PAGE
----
Where in the East is the Church of the living God, the Church which in every generation legislates for mankind, which establishes and develops the formulation of eternal truth with which to counteract the continually changing formulas of error? Where is the Church which labors to re-mould the whole social life of the nations in accordance with the Christian ideal, and to guide them towards the supreme goal of Creation free and perfect union with the Creator?
The advocates of an exclusive asceticism should remember that the perfect Man spent only forty days in the wilderness; those who contemplate the light of Tabor should not forget that that light appeared only once in the earthly life of Christ, Who proved by His own example that true prayer and true contemplation are simply a foundation for the life of action.
If this great Church, which for centuries has done nothing but pray, has not prayed in vain, she must show herself a living Church, acting, struggling, victorious. But we ourselves must will that it be so. We must above all recognize the insufficiency of our traditional religious ideal, and make a sincere attempt to realize a more complete conception of Christianity. There is no need to invent or create anything new for this purpose. We merely have to restore to our religion its Catholic or universal character by recognizing our oneness with the active part of the Christian world, with the West centralized and organized for a universal activity and possessing all that we lack.
We are not asked to change our nature as Easterns or to repudiate the specific character of our religious genius.
We have only to recognize unreservedly the elementary truth that we of the East are but a part of the Universal Church, a part moreover which has not its center within itself, and that therefore it behooves us to restore the link between our individual forces upon the circumference and the great universal center which Providence has placed in the West. There is no question of suppressing our religious and moral individuality but rather of crowning it and inspiring it with a universal and progressive life.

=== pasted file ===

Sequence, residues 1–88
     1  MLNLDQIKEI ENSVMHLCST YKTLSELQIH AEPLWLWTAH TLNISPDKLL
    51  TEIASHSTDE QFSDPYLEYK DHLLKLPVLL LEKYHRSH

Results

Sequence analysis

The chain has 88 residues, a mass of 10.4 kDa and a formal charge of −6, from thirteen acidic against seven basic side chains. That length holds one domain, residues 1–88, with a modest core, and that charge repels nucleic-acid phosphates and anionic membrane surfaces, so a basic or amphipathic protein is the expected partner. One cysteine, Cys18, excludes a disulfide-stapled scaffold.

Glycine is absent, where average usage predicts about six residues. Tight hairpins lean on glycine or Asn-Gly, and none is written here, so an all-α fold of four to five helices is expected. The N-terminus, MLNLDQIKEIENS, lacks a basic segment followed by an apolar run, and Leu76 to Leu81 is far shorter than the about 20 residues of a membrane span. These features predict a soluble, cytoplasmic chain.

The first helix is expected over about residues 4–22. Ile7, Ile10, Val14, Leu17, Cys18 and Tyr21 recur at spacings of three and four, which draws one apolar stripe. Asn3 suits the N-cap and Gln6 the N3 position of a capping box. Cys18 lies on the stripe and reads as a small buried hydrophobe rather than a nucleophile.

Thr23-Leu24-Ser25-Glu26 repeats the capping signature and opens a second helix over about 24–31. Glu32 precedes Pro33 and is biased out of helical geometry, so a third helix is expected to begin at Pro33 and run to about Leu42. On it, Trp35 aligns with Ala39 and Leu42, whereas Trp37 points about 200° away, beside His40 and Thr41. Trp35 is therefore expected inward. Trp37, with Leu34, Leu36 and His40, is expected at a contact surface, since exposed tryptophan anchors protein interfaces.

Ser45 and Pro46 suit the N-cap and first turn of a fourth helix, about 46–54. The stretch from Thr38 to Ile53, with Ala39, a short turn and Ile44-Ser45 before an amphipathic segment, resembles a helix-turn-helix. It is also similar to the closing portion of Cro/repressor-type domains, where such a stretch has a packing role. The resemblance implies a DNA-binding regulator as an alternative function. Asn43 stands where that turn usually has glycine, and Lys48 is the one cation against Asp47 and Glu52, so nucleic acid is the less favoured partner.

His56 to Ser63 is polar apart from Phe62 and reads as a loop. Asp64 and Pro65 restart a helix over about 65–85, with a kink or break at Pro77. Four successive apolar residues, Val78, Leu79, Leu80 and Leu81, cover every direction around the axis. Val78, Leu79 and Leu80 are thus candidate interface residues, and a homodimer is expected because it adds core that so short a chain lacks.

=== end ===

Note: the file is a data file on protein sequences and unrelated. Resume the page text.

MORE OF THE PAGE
The whole of our duty to ourselves consists simply in recognizing ourselves for what we are in reality, an organic part of the great body of Christendom, and in affirming our spiritual solidarity with our Western brethren. This moral act of justice and charity would be in itself an immense step forward on our part and the essential condition of all further advance.
St. Cassian need not become a different person or cease to care about keeping his clothes spotless. He must simply recognize that his comrade has certain important qualities which he himself lacks, and instead of sulking at this energetic worker he must frankly accept him as his companion and guide on the earthly voyage that still lies before them.
From Russia and the Universal Church, pp. 39-42
If that is not your intention then I sincerely apologize.
However, you posting the same story again that you already posted yesterday written 100 years ago by a philosopher who disparages the Orthodox church made me think you were.
Never mind that it is exactly this "insufficiency of our traditional ideal" which is bringing the rest of Christianity to our doorstep looking for a more traditional church.
Never mind that the churches who went looking for and found a "more complete" conception of Christianity (what an oxymoron) are exactly the ones desperately ill from the pollution of the world they were not strong enough to either change or overcome, as they rushed out in their arrogance and zeal to be a role model.
Translates to "submit to the pope and the superiority of his church, you stubborn eastern Christians". LOL.
Pyro this reminds me of that excellent RC cartoon I saw on one of the Schiavo threads a short time ago. The robots or whatever they are were saying something like "Why do you resist us? We only want to make your life better."
If anyone has seen this cartoon, I hope they can post it. I loved it.
Allow me to introduce you to a favorite Russian theologian of mine.
"Wherefore it must be understood that Creeds and prayers and works are nothing of themselves, but are only an external manifestation of the inward spirit. Whereupon it also follows that neither he who prays nor he who does works nor he who confesses the Creed of the Church is pleasing to God, but only he who acts, confesses, and prays according to the spirit of Christ living within him."
"THE CHURCH, even upon earth, lives, not an earthly human life, but a life of grace which is divine.....Never is she either disfigured or in need of reformation.
"He who does not gather with Me scatters" (Luke 11:23) Recall that to do a good deed, one must be sure of one's intent beforehand.
"cursed is he who does the work of God negligently" (Jer. 48:10)
"Christianity is an ascetic religion, a teaching on gradual liberation from the passions, on the means and conditions of gradual acquisition of virtues, conditions both internal, that is, personal struggle, and external, that is, dogmatic tenets and grace-filled Mysteries, all having one purpose: to heal human sinfulness and lead us to perfection."